October 07, 2011

..but a tiny seed

i love this little garden.  initially it required a lot of care and patience to prepare it for the seeds.  when we started working on the plot of land, we needed to pull up grass and remove many rocks.  it was full of concrete pieces leftover from the construction of the water container foundation that was built adjacent to it.  the main activity of preparing the soil was taking food scraps from the kitchen and burrying it in the soil.  the kids enjoyed the burrying part the most. :)  i would later mix it up thoroughly, trying to spread it out while constantly removing concrete pieces and more rocks.  it took a lot of work to till the soil and continue working with it until it was ready to plant the seeds.

we had been saving local seeds: tomato, peppers, beans, watermelon & cucumber.  we chose a sprouted potato, too.  after the seeds were planted and the soil was bare, the kids wondered what was happening and how long it would take to see signs of their growth.  this required such patience.  we continued to water the soil, trusting that this was helping give 'birth' to the seedlings.  once they appeared through the soil we were happy and hopeful that this soil would support the growth of more plants.
i now wanted to try a little sheet mulching and plant some pea pods above it.  i dug out the soil, put lots of food scraps, covered them with some layers of cardboard, and then replaced the soil over that.  it's not the ultimate way to sheet mulch, but i still like the idea of it decomposing and gradually lending to rich, organic soil.  after the seedlings were growing, i chose another little area of the garden to sheet mulch as well.  i'm already looking forward to when this harvest is finished so we can retill the soil and cover all of the areas with sheet mulching.

the other day was the moment for which the kids had been waiting!  the bean pods were ready to be harvested -- they were jumping with excitement to show me, taking pride in all of the watering and care they had shown the plants in order to bring forth this 'fruit'.  i was so happy for them.  we cooked them that evening but the outer skin was very fibrous so we popped the beans in our mouths and enjoyed them on their own.  without mentioning anything about organic food, i felt in my heart while eating them that this food has the best nutrients and energy because it was grown here..and with that invisible component: love.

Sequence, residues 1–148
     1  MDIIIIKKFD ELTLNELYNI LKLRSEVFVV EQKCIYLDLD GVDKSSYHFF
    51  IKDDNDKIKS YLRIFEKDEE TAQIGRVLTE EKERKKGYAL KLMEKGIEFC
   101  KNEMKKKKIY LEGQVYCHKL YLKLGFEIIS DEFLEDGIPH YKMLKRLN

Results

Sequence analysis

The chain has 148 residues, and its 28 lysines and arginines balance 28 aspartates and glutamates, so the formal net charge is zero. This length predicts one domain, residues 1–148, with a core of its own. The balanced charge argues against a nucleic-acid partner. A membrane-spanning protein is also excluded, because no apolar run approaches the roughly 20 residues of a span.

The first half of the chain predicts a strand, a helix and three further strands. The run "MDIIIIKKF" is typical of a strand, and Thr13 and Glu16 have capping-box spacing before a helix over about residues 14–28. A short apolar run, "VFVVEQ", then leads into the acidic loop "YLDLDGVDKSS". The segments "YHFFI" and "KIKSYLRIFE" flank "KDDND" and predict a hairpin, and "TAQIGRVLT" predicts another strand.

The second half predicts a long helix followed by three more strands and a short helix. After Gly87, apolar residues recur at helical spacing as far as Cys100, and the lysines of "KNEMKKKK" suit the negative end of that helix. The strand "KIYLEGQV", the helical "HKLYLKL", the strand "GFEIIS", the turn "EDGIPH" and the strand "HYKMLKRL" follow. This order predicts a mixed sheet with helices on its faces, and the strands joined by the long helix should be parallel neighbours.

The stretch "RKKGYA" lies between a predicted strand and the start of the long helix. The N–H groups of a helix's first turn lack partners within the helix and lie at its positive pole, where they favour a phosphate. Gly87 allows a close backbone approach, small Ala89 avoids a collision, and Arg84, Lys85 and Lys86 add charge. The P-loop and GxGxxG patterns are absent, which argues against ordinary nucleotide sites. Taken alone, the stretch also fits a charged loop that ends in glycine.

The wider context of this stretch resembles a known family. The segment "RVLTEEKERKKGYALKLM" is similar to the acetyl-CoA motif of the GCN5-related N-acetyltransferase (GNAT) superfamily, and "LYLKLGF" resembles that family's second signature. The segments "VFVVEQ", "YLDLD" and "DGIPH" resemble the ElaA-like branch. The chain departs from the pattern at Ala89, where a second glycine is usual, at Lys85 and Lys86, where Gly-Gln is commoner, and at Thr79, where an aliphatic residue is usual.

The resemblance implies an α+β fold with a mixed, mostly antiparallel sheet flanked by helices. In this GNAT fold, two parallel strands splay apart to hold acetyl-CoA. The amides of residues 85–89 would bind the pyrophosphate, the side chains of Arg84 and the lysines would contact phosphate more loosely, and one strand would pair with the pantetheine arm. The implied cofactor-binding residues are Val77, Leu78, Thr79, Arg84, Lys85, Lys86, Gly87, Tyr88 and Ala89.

the kids in the neighborhood used to water the seedlings until school began.  now that the tutoring is underway and children's classes are beginning, i'll naturally incorporate growing seeds into the activities and lessons.  it is the perfect analogy for life.  we begin as tiny 'seeds'.  we require a lot of care and patience and proper nourishment.  we undergo tests or forces which challenge our development, all of which make us stronger ultimately.  and then we mature and bear forth fruits -- though for us the fruits of life are our children, acquired faith and knowledge, and deeds of servitude to the human race.  i've always enjoyed singing the kids' version of the prayer-song: "I am, O my God, but a tiny seed, which Thou hast sown in the soil of Thy love, and caused to spring forth by the hands of Thy bounty.."  i am constantly striving to educate children to see each other as little plants. :)

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